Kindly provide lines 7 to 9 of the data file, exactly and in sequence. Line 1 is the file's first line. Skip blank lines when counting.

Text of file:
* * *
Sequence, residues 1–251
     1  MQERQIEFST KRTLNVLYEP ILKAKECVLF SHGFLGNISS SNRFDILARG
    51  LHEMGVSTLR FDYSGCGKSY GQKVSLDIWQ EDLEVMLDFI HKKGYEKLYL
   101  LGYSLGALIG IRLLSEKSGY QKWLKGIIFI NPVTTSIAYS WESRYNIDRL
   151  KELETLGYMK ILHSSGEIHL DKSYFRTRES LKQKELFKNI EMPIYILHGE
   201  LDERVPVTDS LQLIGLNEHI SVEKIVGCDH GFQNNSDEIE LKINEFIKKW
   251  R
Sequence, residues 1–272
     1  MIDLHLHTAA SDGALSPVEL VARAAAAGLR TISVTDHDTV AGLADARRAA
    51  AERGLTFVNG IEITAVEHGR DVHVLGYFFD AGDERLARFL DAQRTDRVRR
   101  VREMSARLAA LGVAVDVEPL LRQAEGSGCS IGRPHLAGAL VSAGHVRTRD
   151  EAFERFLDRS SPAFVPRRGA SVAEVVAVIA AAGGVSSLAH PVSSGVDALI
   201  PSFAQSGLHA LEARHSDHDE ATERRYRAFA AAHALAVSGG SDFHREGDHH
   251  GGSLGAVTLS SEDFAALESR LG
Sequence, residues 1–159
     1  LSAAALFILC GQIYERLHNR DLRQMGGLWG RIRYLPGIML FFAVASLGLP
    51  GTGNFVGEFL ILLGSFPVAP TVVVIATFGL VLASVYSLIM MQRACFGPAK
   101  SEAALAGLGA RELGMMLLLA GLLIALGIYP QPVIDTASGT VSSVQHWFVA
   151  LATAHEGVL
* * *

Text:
   251  R
Sequence, residues 1–272
     1  MIDLHLHTAA SDGALSPVEL VARAAAAGLR TISVTDHDTV AGLADARRAA